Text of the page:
Ok here is the background - I picked up a beater 9' longboard on craigslist today for really cheap, with the intent to fix it up and have a summer board for next to flat days. Haven't done a super thorough inspection yet, but at first glance it seems to be in ok shape for being 10+ years old, not a ton of pressure dings on the top and the fin box and everything seems really clean. However, I've found at least 2 major dings that go to the core, one on the nose and one on the rail.
Unfortunately the other thing that happened to me today was that I got laid off from work... sucks, but I'd kind of seen it coming and started looking a couple weeks back. Hopefully something pops up soon, but in the meantime I can't really afford to spend a ton of money on this project. Right now I've got a small tube of sun cure resin, plus a few sheets of fiberglass cloth and a quart of evercote premium marine resin left over from an old boat project.
My question is can I use the marine resin/cloth on a surfboard? I feel like I heard somewhere that wasn't good, although if discoloration is the only issue I really don't care. I'd rather get it ride-able then spend more money on supplies. Could I use just the suncure and the cloth? What would you recommend? Also Q-Cell filler - should I get some? At $5 a baggy not a huge deal, but is it worth it? Any help is appreciated, thanks!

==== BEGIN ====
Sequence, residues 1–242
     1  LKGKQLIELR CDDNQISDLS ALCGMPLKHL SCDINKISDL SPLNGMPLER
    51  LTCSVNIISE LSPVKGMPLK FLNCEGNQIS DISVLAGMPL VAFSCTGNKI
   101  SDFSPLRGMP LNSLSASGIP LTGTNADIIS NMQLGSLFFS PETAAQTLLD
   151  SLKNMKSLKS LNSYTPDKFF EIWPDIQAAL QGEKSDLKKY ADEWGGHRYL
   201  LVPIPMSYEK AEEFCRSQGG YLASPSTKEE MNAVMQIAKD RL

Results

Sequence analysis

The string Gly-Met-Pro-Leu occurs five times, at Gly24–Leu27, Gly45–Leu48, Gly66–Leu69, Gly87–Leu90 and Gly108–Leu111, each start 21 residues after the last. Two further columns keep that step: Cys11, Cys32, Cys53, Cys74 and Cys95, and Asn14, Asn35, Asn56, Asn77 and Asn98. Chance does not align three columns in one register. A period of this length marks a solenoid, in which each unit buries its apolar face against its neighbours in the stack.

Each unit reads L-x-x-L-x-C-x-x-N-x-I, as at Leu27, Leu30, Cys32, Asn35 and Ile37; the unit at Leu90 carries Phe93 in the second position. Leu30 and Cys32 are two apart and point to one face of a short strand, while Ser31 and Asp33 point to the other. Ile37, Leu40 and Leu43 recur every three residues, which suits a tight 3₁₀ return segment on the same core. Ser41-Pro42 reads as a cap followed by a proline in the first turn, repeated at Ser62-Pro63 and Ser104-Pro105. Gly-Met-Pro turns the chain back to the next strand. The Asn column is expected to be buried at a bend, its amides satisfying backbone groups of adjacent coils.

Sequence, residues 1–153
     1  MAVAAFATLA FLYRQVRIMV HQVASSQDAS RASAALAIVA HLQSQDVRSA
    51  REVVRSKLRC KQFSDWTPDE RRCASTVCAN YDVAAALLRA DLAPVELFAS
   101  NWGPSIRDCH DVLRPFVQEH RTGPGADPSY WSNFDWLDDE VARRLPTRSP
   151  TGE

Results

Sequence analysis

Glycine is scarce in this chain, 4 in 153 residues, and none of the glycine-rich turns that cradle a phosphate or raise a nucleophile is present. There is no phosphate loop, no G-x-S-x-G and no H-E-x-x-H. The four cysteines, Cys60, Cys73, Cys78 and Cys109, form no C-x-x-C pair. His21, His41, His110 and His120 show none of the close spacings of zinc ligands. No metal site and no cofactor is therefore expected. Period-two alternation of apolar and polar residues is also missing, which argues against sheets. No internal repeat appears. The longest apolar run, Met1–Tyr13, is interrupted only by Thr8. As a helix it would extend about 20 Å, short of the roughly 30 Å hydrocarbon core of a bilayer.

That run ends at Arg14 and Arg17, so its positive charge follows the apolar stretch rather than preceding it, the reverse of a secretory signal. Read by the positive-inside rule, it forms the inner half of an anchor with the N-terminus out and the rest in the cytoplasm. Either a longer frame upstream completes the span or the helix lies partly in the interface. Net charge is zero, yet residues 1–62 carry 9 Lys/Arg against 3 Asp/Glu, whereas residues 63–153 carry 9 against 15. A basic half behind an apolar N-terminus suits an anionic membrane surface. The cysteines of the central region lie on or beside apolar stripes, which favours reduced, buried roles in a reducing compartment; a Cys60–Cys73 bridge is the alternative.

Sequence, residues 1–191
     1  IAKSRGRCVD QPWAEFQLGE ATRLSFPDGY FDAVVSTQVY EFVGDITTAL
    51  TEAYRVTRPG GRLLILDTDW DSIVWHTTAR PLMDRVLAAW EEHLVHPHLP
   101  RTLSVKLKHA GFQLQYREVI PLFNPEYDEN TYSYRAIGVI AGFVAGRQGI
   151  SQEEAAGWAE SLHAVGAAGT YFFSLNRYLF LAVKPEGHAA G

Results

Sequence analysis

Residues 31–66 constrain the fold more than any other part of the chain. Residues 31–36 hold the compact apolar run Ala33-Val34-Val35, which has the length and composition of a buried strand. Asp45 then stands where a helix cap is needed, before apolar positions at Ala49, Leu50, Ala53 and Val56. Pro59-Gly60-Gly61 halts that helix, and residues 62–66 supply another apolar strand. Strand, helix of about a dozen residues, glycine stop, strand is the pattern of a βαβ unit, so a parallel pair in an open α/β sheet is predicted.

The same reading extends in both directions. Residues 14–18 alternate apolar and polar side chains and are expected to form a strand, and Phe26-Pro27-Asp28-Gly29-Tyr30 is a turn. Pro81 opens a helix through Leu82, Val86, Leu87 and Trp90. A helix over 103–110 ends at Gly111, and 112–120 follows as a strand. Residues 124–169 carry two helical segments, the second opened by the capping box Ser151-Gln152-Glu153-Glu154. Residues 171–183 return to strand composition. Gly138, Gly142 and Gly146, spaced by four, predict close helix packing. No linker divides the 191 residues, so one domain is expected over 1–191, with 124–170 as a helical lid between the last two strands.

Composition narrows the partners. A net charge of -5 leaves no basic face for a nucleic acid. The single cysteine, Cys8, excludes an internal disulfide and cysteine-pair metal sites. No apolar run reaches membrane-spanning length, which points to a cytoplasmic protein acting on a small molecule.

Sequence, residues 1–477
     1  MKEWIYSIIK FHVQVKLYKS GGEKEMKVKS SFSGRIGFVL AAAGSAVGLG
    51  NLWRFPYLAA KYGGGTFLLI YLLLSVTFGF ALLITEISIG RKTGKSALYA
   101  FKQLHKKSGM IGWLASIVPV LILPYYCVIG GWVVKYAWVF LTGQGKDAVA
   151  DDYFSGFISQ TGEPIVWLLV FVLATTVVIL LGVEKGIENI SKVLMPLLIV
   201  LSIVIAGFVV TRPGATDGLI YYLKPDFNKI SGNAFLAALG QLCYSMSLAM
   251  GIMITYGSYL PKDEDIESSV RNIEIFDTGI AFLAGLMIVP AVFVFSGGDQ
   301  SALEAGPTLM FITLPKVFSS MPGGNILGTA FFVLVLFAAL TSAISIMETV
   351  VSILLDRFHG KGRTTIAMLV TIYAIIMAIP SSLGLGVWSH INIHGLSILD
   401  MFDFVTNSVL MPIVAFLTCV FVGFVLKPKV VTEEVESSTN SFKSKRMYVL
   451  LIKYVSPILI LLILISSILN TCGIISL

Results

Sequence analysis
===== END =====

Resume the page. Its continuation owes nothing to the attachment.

Yes to the marine resin and cloth. You're right, it's u g l y. I've done it on an old poly board, have no idea how it would work on epoxy. Yes on the qcell, but I have no idea how that would work with marine resin. The one time I did all this I fixed a deep gouge in the bottom. I cut up fiberglass cloth into tiny fibers and mixed the resin with that. Let that cure, sanded some then put a layer of cloth over it. Cured, sanded, one more hot coat. I fixed that board back in the 90's and 've still got it. Pic of the repair in the quiver thread. Thank goodness my patch jobs have gotten better since then.
Don't use the tube of suncure and cloth only. You can use the suncure as a filler to fill the void before you glass over the dings, if you don't want to go out and buy filler, and if you don't care about cosmetics. The marine resin will work fine for repairs. Prep the area around the dings by sanding down to the weave and removing any loose material. Fill with suncure and use a spreader to get it down into the ding and just below the surface of the surrounding glass... nice and flat. Cut one patch to overlap around the ding about a half inch, and another to overlap about an inch. Let cure, fair, tape off, hotcoat, sand.